In an update on OFWs assisted by the DOLE’s Assist WELL program, Labor and Employment Secretary Rosalinda Dimapilis-Baldoz yesterday said an overwhelming majority—107 of 163—overseas Filipino workers who returned during the past two weeks and provided various assistance under the program came home on account of various contract violations, and not due to the depressed oil price in the global market.
“We thought initially that because of the hype about the decline in the global price of oil, OFWs who would come home will advance this as reason for returning to the Philippines. But the record at the Assist WELL Centers show otherwise. Majority of the OFWs who registered returned because of contractual violations by their employers, such as underpayment of wages, misrepresentation, contract substitution, and excessive collection of fees. So I have instructed the POEA to address these alleged violations by calling the attention of recruitment agencies that deployed these workers,” Baldoz said.
Baldoz, who had instructed all Philippine Overseas Labor Offices to report weekly on the effects of the decreasing global prices of oil on OFWs’ employment, and who directed the permanent set-up of the Assist WELL Processing Center to respond to those who will be affected, said the latest report of the Philippine Overseas Employment Administration, which supervises the operation of the 18 Assist WELL Processing Centers all over the country, indicate that the purpose for the set-up of the Centers is being met, with OFWs coming home heeding the government’s call to register themselves to avail of government assistance.
Last week, Secretary Baldoz further instructed all POLOs to pre-register all returning OFWs through the web-based Assist WELL e-System that the POEA developed, directing them to submit the names of POLO focal persons to the POEA’s Information and Communication Technology Branch (firstname.lastname@example.org) to complement the Assist WELL focal persons all over the country.
The weekly Assist WELL report show that the 163 OFWs who have returned and registered at the Centers came from 15 countries, namely, Bahrain (1 OFW); Canada (2); East Africa (1); Jordan (1); Kuwait (99); Lebanon (2); Malaysia (1); New Caledonia (1); Qatar (6); Saudi Arabia (35); Singapore (2); South America (1); United Arab Emirates (4); Yemen (3); Libya (2); and South Korea (2).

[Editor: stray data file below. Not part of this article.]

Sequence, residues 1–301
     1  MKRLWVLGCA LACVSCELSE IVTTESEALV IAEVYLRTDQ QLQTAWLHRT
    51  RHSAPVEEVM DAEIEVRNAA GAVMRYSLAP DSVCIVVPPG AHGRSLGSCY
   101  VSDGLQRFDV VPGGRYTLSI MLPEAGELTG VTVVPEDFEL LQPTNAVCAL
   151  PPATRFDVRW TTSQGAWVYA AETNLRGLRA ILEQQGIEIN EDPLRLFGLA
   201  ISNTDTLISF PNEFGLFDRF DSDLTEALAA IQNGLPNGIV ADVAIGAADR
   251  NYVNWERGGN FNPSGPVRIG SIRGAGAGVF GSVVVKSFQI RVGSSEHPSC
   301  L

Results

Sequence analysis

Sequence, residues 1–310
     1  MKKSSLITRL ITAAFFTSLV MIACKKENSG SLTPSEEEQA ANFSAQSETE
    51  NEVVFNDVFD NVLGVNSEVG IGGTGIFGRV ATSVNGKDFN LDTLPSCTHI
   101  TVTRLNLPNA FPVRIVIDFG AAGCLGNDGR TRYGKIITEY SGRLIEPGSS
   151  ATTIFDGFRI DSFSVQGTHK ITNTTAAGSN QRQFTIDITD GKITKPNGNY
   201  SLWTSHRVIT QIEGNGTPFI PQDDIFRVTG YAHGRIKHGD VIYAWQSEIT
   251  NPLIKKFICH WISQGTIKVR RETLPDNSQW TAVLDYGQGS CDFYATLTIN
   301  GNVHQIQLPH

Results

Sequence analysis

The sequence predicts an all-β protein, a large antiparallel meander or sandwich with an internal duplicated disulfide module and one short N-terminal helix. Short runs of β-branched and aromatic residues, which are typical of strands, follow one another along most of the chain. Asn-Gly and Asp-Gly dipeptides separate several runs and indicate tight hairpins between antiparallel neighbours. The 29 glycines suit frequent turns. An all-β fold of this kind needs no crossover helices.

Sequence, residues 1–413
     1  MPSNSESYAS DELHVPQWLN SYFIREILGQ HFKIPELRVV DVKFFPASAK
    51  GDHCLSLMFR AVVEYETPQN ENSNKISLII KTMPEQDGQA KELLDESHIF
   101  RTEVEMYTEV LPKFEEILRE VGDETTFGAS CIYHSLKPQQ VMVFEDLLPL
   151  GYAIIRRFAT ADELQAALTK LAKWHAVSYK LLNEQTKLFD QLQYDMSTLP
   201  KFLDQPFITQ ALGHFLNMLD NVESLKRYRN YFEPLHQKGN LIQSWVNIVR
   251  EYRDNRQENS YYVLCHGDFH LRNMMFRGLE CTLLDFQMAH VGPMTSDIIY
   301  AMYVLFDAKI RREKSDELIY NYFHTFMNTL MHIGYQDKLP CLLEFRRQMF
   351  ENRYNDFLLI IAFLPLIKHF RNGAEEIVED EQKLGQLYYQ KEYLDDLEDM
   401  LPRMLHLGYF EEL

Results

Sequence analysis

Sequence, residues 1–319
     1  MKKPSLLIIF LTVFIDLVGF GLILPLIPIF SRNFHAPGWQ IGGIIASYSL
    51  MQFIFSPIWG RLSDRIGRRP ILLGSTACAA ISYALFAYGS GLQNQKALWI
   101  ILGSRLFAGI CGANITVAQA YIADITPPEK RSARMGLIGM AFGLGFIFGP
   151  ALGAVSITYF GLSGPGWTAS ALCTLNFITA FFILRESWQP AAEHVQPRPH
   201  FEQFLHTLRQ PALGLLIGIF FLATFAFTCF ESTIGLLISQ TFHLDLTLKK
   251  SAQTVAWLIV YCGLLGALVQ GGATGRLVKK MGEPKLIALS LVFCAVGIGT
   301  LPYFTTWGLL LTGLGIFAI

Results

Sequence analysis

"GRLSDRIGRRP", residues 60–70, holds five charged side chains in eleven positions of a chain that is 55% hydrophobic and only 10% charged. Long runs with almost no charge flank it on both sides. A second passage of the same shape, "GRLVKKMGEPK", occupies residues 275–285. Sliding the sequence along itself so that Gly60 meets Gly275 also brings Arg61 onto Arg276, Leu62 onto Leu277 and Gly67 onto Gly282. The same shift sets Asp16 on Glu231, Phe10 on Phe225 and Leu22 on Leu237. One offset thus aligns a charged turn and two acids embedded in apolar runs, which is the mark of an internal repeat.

“The bulk of these 163 OFWs were served at the Assist WELL Center of the Overseas Workers Welfare Administration (127). The rest were served in the Assist Well Centers at the POEA (26); and in the Regional Offices, namely, Region 11 (3 OFWs); Region 10 (2); Region 2 (1); Caraga (1); and Regional Office 4-B (1). Two OFWs were served at the Assist WELL Center at the POLO in Seoul, South Korea,” Baldoz said.
The ‘WELL’ in the Assist WELL Program stands for welfare, employment, livelihood, and legal services, which are the government interventions provided at each of the Assist WELL Centers. The Centers are manned by a composite team composed of representatives of the POEA, OWWA, National Reintegration Center for OFWs, Technical Education and Skills Development Authority, Bureau of Local Employment, and the Bureau of Working Conditions.
“We provided all of the 163 OFWs with one, or two, or all of these types of assistance, depending on their request. Some of the OFWs avail of one or more service at the Centers,” Baldoz said.
The report show that 11 OFWs had availed of legal assistance services; six have availed of livelihood development assistance; 92 availed of airport assistance; 14, of counseling services; one, of emergency medical assistance; 16, of temporary shelter accommodation; and 19 availed of transport assistance to residence.
On livelihood, the Assist WELL Centers offer various DOLE livelihood programs, such as the Balik-Pinas, Balik-Hanapbuhay; Balik-Pinay, Balik-Hanapbuhay, Community Enterprise, Enterprise Development Training, Kabuhayan Enhancement, Kabuhayan Formation, and the Livelihood Development Assistance Program.
On employment, three OFWs availed of TESDA’s competency assistance and certification; 11 availed of local employment facilitation; and 30 availed of overseas employment services.
“Our system has an Internet-based employment referral system. We have linked the POEA database with the PhilJobNet database so OFWs can choose prospective employers to whom we recommend them,” said Baldoz, adding that the DOLE is engaging local business groups and associations so they could also make available to job applicants their vacancies.
Baldoz said that aside from contract violations, which were cited by the 107 who returned from Bahrain, Jordan, Kuwait, Qatar, and Saudi Arabia, the other reasons cited by the OFWs for coming home to the Philippines were the oil price crises (8 OFWs); civil unrest (5); end of contract (16); personal health issues (4); and termination (21).
Those who came home because their contracts have ended were from Canada (2); South Korea (2); Kuwait (1); Lebanon (2); New Caledonia (1); Saudi Arabia (6); Singapore (1); and United Arab Emirates. Those terminated came from East Africa (1), Kuwait (4), Qatar (1), and Saudi Arabia (14).
Finally, Baldoz noted that two OFWs came home and decided to settle for good in the country.